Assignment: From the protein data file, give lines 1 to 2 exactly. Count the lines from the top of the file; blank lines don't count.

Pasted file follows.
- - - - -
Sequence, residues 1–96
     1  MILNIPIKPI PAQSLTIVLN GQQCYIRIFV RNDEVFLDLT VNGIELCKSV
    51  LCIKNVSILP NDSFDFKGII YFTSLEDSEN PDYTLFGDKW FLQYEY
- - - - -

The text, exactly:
Sequence, residues 1–96
     1  MILNIPIKPI PAQSLTIVLN GQQCYIRIFV RNDEVFLDLT VNGIELCKSV